But Elcano may have also suffered from the divisive politics of Spain. Politicians in Getaria complained when the Juan Sebastián Elcano, a four-masted training ship of the Spanish Navy, visited the port in July at the invitation of a local association.
The sailing event drew a large crowd, but the mayor stayed away and some residents held a protest during the celebration.
“Elcano was Basque, and this commemoration should serve to highlight the singularity of our lands,” said Haritz Alberdi Arrillaga, Getaria’s mayor, who represents E.H. Bildu, a Basque separatist party.
Xabier Alberdi, a Basque historian who is the director of the naval museum in San Sebastián, about 15 miles east of Getaria, said that “political nonsense” had undermined the memory of Elcano since the 19th century, when Antonio Cánovas del Castillo, a historian who also became leader of the Spanish government, described Elcano as little more than “an adventurer.”
The fear of Basque nationalism during a period of civil wars within Spain meant that “Spaniards felt more comfortable putting Magellan instead of Elcano near the top of their list of great explorers, just behind Columbus,” Mr. Alberdi said.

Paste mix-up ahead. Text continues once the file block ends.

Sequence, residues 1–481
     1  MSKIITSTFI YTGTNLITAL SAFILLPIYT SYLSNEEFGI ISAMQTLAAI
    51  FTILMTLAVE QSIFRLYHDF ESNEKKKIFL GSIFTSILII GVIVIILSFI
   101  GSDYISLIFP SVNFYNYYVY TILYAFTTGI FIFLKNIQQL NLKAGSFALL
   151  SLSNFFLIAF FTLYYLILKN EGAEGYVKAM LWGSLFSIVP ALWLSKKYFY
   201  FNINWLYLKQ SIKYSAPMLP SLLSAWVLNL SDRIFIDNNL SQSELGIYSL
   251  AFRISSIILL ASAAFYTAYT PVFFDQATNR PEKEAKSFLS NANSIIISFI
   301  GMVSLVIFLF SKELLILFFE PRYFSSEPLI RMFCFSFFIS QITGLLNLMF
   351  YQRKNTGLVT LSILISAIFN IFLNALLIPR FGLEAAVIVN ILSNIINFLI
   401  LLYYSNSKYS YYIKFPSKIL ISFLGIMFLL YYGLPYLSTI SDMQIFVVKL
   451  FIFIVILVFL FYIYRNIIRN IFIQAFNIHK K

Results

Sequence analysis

There are very few documents about Elcano’s life, but Mr. Alberdi said that Getaria should at least renovate the washed-out plaque that marks the spot of his family home. Nobody is planning an Elcano museum in the town, which is reeling from a fraud scandal involving the Balenciaga museum. In June, a former mayor received a prison sentence for falsifying documents and misusing public funds to build the museum, which cost 30 million euros, about $33 million — six times its initial budget.
“We decided to give Balenciaga rather than Elcano a museum, to discover that we are now left with this big problem,” said Mr. Urresti, the president of the fishermen’s association.